FromSoftware games are known throughout the gaming industry for their cryptic and deep worlds, and the studio’s latest release, Elden Ring, is no exception. These games invite players to learn the story and lore, not through text walls or extended conversations with NPCs, but through the world itself. Of course, this means it is important to find a balance between player exploration and environmental storytelling.

Elden Ring in particular is designed in this way. However, this game takes its environmental storytelling to another level, mastering the balancing act of exploration and understanding the setting through an open world outlet. The whole setting is intentionally designed to add to the overarching narrative of the game.

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From the first step into Limgrave, players behold ruins. Elden Ring‘s world, The Lands Between, has undergone a cataclysm known as the Shattering. The world is suffering the outcome of this great war between demigods, and that devestation is apparent everywhere. The landscape is dotted with ruined villages, collapsed churches, and desolate cities, allowing player to really feel the history of this world. This is nothing new to gaming, but it’s the way Elden Ring uses its environmental storytelling that separates it from other games.

Players are can glean deep insights into the history of the world from looking around. A formula budding from the Dark Souls series is implemented here in a vast open world where progression of the story is an important aspect that must remain consistent across unhindered exploration. No matter what path players choose to follow first, whether that’s heading straight to Caelid or to Raya Lucaria, the story will unfold before them. As it does, it fits perfectly into the overarching narrative of the Shattering. Players can see a once beautiful academy driven to madness within Raya Lucaria and a corrupt and rotting landscape tainted by war in Caelid.

Of course, these landscapes are also reflections of the story bosses. For instance, facing Margit the Fell Omen is symbolic because of the environment in which the player fights him. The battle taking place on the bridge to enter Stormveil Castle is important because, if the player is following a linear path forward, Margit represents a first real challenge. The bridge is the crossing from a rising action into the rest of the story, and Margit is the obstacle players must overcome.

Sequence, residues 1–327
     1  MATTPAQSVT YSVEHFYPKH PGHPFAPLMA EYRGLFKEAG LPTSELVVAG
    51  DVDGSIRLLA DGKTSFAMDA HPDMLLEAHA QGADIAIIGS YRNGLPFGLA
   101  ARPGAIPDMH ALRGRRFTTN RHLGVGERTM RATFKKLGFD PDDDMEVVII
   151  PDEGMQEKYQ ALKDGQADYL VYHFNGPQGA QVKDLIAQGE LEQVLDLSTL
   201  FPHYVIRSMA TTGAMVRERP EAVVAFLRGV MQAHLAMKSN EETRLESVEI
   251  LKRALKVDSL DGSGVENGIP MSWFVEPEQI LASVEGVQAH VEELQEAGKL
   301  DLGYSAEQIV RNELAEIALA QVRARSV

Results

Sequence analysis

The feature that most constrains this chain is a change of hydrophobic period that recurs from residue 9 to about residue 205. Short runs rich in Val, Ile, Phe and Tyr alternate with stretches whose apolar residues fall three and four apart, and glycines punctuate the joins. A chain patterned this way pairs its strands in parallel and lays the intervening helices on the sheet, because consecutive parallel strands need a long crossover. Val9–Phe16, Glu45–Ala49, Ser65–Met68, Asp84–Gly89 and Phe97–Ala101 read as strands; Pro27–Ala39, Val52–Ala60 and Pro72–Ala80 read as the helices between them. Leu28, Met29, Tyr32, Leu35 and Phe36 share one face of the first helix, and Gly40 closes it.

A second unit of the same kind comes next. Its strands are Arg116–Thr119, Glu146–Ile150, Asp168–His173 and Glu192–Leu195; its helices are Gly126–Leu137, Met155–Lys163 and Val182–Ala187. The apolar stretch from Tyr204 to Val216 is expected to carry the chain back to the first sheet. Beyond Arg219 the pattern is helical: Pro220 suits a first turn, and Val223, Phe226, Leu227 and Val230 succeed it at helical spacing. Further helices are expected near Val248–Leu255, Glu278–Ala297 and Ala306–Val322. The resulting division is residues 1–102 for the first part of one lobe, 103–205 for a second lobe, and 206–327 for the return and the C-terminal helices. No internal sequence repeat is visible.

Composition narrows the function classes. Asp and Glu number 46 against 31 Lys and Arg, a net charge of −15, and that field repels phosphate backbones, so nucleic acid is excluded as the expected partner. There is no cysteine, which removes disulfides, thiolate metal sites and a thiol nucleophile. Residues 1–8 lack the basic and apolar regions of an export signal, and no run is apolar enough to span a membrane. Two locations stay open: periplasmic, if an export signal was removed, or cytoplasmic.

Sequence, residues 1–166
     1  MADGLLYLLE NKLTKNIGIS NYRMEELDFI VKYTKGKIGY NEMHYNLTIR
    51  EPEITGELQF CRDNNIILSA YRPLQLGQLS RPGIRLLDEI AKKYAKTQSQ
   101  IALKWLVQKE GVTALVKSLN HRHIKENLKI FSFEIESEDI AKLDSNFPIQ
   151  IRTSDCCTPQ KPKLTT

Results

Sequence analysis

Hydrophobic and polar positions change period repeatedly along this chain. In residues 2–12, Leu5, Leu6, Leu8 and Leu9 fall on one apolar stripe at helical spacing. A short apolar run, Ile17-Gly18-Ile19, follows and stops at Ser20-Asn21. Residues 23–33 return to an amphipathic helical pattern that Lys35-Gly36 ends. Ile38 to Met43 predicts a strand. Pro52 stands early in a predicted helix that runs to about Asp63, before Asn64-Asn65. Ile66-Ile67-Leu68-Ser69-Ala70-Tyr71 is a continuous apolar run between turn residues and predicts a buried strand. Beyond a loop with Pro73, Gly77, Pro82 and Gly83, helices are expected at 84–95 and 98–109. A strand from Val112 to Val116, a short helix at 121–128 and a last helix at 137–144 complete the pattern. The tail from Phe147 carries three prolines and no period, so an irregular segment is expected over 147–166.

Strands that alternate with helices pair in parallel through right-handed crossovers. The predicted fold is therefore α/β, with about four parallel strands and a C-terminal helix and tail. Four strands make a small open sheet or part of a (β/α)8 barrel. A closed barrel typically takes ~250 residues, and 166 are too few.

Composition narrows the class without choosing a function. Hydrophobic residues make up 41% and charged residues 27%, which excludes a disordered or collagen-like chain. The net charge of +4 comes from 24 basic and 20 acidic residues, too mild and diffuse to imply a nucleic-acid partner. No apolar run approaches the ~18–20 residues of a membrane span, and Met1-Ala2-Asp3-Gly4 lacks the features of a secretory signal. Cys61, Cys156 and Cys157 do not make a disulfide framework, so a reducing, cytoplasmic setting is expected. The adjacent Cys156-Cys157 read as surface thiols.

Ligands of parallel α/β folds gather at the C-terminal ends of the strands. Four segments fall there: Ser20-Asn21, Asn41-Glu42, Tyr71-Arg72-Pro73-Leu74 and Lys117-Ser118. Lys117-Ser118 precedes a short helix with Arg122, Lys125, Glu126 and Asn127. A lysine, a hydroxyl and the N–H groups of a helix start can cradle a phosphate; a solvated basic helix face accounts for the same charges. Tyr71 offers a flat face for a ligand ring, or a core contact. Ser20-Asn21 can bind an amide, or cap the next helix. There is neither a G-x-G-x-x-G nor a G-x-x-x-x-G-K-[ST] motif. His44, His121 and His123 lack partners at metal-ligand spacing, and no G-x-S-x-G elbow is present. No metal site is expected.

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Elden Ring intentionally reflects the player’s journey through level design. Where Margit and Stormveil represent the player’s growth from lowly tarnished, to adventurer, climbing the Erdtree represents the ascent to heroism. Additionally, the Capital around the Erdtree itself tells a tale of warfare and failure. Environmental clues like dead soldiers, ruined siege equipment, and destroyed buildings all convey the weight of the Shattering and indicate not even the Capital was safe.

Where other games explain a setting through description or NPC explanation, Elden Ring weaves its story into its locations. Nothing is placed where it is purely by accident or for aesthetic. The environment of the Lands Between both asks — and often answers — the question of what happened here.

More than anything, Elden Ring‘s environmental storytelling is an effective way to keep the player engaged. It’s about discovery and asking questions that can be developed by playing. Where a player may discover a pile of corpses or destroyed wagons, a dragon may be laying in wait just ahead. This concept applies just as much to small events as it does to the main story.

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Of course, players get out of the environmental storytelling of Elden Ring what they put in. Those who would rather run through areas than look for story clues or lore will likely miss things. However, players who care about uncovering story elements will find it all around them in the Lands Between.

Elden Ring uses its world to tell its deep story in a way that’s unlike any other game. It masters a fusion of setting, symbolism, and player exploration. It is within this fusion that Elden Ring masters the art of environmental storytelling. From locations to characters, every new area in the Lands Between tells a story; the player just needs to look to find it.

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